Over the last two years it has been amazing to watch and be a part of Luba’s growth! Our store list is doubling each season, and we really want to achieve our goal of having Luba in more boutiques and a large retailer or department store by the end of 2018. It feels as if our company is sky rocketing, and I personally I am so excited to see this growth over this next year.

I am very goal oriented and it is important to have my seasonal goals, my yearly goals, and my lifetime goals. Every sale from Luba goes back to support women’s domestic violence shelters through the LOVE Foundation. So, one of these goals is to open Luba’s Love Shelters. The main reason there are so few transitional shelters for the victims of domestic violence is because they do not have funding. I dream about the day Luba is successful enough to open and financially support long-term shelters.

What are the top three tips you can offer to an entrepreneur starting out?

Jump In: The first tip I would offer to an entrepreneur starting out would be to do your homework and just jump in. One of the hardest parts of starting a business is the feeling that everything has to be perfect before the launch, but it will never be perfect. There will always be lessons to learn and hurdles to overcome. I have learned so much from the day-to-day tasks in my business, and there is no way I could have adequately prepared for some of these challenges.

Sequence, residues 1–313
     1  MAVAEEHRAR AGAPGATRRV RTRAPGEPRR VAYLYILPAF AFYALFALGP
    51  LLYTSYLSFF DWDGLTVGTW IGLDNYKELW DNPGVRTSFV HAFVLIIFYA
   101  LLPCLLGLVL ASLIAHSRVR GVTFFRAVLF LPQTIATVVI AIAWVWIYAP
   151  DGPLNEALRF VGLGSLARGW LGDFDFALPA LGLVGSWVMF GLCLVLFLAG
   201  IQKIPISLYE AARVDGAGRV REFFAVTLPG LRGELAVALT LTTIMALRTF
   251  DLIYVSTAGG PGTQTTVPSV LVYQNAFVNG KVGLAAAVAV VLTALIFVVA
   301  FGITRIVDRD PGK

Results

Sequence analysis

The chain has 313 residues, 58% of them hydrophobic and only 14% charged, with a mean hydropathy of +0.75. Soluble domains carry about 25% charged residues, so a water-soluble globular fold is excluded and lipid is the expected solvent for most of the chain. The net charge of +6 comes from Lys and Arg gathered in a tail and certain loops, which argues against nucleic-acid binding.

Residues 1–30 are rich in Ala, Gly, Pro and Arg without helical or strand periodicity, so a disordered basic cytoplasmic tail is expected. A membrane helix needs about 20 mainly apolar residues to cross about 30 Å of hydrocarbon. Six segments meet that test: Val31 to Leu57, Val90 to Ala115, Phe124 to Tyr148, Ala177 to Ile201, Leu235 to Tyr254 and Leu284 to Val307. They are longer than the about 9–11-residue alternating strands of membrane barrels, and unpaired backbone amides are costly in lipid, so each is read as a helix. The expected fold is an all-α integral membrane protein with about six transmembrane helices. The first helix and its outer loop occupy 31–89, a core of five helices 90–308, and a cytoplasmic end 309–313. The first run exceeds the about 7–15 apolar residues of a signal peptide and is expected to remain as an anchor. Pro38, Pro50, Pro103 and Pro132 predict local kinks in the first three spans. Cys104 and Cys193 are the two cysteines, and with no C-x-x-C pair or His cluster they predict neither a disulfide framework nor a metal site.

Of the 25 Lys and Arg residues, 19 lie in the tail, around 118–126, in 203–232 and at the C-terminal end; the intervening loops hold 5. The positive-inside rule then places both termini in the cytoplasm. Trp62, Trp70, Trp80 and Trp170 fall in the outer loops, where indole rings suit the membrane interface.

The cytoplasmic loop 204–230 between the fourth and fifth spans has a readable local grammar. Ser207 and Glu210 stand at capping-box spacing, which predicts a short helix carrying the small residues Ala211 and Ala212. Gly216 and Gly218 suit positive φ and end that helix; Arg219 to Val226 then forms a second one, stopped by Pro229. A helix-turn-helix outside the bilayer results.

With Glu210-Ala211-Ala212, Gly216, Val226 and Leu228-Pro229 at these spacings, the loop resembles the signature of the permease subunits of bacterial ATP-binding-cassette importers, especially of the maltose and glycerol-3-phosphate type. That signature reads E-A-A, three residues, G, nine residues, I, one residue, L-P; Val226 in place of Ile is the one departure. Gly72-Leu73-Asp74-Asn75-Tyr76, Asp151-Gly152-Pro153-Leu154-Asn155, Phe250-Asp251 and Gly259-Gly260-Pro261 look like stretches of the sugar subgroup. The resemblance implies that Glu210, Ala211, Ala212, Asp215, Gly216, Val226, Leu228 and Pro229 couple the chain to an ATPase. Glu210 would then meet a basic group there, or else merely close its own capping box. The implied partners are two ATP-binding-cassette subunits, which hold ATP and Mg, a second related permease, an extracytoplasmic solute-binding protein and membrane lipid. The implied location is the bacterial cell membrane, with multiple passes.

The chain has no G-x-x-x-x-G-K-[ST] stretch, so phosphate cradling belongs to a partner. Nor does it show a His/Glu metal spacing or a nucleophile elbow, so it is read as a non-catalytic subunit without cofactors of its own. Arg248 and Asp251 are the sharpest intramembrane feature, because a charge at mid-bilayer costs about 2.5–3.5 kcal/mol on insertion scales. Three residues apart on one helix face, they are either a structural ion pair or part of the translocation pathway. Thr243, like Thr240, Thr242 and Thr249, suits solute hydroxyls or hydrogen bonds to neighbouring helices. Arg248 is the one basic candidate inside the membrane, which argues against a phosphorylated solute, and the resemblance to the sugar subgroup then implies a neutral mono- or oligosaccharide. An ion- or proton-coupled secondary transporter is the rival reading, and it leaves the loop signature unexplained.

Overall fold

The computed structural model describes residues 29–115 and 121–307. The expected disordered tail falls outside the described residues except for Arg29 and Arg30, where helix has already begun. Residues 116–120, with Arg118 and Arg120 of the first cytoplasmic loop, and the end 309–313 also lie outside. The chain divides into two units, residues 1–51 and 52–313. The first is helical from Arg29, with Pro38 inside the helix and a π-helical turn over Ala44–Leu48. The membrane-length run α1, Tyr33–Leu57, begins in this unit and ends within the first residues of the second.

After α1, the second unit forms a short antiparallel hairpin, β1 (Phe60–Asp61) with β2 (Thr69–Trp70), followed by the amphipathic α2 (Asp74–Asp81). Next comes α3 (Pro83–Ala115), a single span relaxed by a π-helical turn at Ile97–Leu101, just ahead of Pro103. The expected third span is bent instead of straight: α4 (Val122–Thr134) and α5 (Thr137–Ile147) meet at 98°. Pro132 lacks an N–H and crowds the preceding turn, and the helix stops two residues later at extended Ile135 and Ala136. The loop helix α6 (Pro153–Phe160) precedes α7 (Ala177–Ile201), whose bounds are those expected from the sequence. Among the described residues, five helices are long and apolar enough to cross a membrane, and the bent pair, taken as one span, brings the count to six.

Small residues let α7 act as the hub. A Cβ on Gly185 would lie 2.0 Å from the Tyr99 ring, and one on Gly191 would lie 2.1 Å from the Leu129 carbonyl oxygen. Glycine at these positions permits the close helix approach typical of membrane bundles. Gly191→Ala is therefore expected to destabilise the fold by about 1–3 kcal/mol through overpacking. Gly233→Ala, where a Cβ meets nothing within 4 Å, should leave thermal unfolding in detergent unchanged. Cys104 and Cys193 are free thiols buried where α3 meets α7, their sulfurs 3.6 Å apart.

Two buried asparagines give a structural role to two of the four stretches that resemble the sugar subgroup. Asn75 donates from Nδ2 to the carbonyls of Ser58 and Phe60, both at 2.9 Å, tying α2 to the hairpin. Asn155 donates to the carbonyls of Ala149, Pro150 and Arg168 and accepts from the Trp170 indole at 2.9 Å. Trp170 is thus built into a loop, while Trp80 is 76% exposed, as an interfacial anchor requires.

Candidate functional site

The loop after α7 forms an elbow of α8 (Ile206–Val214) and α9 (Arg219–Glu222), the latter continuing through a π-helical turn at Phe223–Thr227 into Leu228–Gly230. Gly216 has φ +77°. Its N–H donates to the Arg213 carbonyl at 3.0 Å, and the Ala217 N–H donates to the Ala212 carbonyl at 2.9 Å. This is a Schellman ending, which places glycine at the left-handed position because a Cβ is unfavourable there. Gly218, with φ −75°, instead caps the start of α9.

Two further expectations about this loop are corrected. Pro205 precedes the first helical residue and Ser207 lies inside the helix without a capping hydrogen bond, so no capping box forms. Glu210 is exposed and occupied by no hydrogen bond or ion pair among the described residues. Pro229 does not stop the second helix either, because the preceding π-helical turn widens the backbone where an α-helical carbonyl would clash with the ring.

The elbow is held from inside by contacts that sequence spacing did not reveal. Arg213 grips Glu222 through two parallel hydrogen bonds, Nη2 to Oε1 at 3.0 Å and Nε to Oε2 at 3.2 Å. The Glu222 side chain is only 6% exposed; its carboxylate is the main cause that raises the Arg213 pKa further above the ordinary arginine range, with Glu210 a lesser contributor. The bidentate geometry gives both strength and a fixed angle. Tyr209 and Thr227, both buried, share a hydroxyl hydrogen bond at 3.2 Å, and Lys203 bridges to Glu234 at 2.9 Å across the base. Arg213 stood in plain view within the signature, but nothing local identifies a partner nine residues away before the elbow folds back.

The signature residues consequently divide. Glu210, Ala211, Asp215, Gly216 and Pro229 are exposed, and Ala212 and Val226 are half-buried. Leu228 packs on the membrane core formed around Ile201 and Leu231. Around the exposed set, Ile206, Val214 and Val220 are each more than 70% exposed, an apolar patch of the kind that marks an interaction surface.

Stay True To Your Brand and Yourself: The most well received and successful designers, and companies for that matter, are those that stay true to their brand. I have had people throughout my career suggest styles that resemble other brands and these styles are the ones that are the least successful. It is definitely challenging to follow this tip in the growing years, and especially when ‘free advice’ is given by almost everyone, but being consistent with your brand image is the most important thing, and it is the reason your brand will stand out. 

Be Your Own Cheerleader: It is very easy to become discouraged and disappointed when starting a business, especially if it is not as successful in the beginning as you had hoped. For me, it is crucial that I stay positive! I wake up every morning and tell myself, it is going to be a great day! I need to encourage myself because as soon as I start being negative, my team will become negative. There is such a power in positivity.  At Luba we have had our most success when we all have a positive attitude.